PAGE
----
Madam Speaker, I want to thank my colleague from Battlefords—Lloydminster for her excellent speech. I sensed a great deal of emotion in her presentation, which is to her credit.
Today we are debating an opposition motion that reads as follows:
That the House call on the government to increase the special Employment Insurance sickness benefits from 15 weeks to 50 weeks in the upcoming budget in order to support people with serious illnesses, such as cancer.
The aim of this motion is interesting, for I do believe it is important to take care of Canadians who have a serious illness. However, why does it call for 50 weeks? I do not know, and I cannot answer that question.
On February 5, I made a statement in the House reminding members of the need to review the special EI sickness benefits, and gave the example of Émilie Sansfaçon, a constituent of mine who lives in Saint-Augustin. This morning I saw her father sitting in the gallery, facing the Bloc Québécois. He came to listen to what the House of Commons was saying on this matter. Ms. Sansfaçon received two cancer diagnoses in the span of a single year. In a heartfelt plea, she called on all political parties to review the current maximum benefit period of 15 weeks.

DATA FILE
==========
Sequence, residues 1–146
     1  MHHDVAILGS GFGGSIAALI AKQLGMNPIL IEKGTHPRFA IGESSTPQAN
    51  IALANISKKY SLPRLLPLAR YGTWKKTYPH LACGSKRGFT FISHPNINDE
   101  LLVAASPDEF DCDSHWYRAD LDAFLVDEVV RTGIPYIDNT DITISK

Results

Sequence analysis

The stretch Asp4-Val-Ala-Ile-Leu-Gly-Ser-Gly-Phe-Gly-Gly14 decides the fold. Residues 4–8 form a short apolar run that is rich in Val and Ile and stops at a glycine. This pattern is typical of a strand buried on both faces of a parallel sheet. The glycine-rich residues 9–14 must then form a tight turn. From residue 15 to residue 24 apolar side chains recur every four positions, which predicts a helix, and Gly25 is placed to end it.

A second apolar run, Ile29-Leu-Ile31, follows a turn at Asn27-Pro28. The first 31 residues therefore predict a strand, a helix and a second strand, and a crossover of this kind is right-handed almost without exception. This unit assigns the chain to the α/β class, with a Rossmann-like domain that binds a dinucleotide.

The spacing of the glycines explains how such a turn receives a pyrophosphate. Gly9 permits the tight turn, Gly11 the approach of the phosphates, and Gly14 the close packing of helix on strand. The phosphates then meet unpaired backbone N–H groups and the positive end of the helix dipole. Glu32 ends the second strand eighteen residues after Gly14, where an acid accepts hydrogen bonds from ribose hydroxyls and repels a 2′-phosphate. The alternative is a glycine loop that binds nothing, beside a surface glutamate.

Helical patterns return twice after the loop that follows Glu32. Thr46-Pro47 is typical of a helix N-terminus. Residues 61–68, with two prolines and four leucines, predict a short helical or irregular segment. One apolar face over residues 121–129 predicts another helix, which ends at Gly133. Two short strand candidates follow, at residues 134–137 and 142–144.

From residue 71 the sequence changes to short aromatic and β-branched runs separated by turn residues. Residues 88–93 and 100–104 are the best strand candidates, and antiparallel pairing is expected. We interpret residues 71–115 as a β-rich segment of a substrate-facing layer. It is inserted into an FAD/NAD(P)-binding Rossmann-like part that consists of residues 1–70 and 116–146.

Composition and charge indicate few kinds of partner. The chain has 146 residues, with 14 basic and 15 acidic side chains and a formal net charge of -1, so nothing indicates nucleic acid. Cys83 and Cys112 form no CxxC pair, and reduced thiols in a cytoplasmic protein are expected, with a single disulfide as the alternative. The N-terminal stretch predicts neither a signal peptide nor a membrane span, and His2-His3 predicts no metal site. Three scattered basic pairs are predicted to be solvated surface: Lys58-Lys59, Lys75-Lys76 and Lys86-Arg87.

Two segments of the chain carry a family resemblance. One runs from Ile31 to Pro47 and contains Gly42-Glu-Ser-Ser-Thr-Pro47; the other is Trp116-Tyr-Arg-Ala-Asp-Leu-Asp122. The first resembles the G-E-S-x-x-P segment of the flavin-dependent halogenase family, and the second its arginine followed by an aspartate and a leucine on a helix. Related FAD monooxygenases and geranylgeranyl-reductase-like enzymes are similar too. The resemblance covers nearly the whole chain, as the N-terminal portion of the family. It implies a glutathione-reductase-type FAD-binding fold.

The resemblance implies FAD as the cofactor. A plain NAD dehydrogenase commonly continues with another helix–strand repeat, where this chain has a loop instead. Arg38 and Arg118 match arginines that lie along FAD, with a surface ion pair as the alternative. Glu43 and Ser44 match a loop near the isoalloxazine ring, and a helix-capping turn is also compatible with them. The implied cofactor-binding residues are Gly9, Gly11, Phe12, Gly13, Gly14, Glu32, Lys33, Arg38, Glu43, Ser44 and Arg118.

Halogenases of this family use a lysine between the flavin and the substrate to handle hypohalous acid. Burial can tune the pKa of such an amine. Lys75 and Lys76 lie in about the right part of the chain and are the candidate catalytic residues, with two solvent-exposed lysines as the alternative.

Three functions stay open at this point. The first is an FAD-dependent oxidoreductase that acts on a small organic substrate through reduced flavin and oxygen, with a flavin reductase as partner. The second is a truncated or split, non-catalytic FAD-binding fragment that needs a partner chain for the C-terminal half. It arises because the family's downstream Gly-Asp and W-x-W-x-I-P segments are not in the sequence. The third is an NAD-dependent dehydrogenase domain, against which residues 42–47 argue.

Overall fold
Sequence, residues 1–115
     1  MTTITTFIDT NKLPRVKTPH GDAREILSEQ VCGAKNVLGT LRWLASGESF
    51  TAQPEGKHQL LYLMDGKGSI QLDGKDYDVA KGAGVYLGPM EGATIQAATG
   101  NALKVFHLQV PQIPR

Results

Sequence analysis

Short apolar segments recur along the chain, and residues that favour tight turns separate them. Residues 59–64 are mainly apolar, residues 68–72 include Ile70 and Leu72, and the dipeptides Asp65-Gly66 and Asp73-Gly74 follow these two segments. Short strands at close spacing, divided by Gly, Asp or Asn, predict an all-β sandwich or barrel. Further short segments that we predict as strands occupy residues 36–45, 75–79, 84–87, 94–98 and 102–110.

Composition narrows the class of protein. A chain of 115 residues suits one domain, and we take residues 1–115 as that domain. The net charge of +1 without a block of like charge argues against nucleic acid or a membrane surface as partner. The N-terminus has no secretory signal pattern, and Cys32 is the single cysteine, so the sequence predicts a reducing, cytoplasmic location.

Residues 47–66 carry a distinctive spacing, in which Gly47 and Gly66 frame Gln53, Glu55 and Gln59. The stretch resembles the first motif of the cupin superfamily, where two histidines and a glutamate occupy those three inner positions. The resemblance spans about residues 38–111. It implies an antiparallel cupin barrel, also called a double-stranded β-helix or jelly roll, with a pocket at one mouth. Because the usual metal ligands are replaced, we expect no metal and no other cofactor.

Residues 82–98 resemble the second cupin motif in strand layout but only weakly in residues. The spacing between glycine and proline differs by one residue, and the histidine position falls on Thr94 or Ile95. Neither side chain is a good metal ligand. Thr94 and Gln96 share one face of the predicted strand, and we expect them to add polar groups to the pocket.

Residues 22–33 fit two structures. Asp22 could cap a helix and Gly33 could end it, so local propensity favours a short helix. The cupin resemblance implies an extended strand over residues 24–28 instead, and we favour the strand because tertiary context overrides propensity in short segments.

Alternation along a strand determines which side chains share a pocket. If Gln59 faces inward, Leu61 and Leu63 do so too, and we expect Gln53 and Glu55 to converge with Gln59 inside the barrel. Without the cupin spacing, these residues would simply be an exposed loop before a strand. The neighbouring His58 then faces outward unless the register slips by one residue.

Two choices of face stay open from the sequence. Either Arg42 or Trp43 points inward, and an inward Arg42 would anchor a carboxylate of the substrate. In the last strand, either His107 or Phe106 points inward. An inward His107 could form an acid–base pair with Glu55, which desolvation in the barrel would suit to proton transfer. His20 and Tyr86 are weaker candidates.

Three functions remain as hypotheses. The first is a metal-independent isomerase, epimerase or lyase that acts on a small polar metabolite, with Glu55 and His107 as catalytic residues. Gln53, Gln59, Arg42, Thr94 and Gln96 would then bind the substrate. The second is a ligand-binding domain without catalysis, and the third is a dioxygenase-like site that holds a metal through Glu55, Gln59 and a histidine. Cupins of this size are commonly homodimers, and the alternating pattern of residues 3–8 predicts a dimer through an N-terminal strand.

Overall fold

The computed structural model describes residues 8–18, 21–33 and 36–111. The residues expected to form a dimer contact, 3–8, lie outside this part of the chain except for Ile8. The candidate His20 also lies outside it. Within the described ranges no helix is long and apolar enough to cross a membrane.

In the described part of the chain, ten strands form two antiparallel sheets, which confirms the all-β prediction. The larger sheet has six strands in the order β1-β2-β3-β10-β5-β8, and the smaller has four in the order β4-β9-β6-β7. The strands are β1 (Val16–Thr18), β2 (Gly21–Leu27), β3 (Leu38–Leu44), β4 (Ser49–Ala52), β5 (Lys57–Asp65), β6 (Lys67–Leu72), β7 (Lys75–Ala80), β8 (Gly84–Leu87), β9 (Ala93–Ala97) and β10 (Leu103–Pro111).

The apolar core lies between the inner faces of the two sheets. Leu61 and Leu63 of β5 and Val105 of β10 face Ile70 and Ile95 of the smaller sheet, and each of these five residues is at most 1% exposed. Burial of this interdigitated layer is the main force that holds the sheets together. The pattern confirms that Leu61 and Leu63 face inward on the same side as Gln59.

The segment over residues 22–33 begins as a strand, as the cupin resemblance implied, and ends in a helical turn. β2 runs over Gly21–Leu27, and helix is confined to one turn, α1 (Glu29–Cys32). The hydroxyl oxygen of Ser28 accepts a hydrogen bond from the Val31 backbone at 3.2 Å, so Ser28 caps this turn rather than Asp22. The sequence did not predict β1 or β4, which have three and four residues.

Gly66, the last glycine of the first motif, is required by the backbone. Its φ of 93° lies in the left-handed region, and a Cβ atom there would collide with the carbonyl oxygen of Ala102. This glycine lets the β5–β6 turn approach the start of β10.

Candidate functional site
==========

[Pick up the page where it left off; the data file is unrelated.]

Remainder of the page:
During the election campaign, I met with her father, Mr. Sansfaçon, to get his side of the story. I obviously promised to take concrete action to improve things for these Canadians who are diagnosed with a serious illness that forces them to be away from work.
The current employment insurance sickness benefit program was established in 1971. That is nearly 50 years ago. Maybe that is where the 50 weeks the Bloc Québécois is asking for came from: since it has been 50 years, the Bloc is asking for 50 weeks. If it had been 70 years, would they have asked for 70 weeks? I do not know, but I wonder.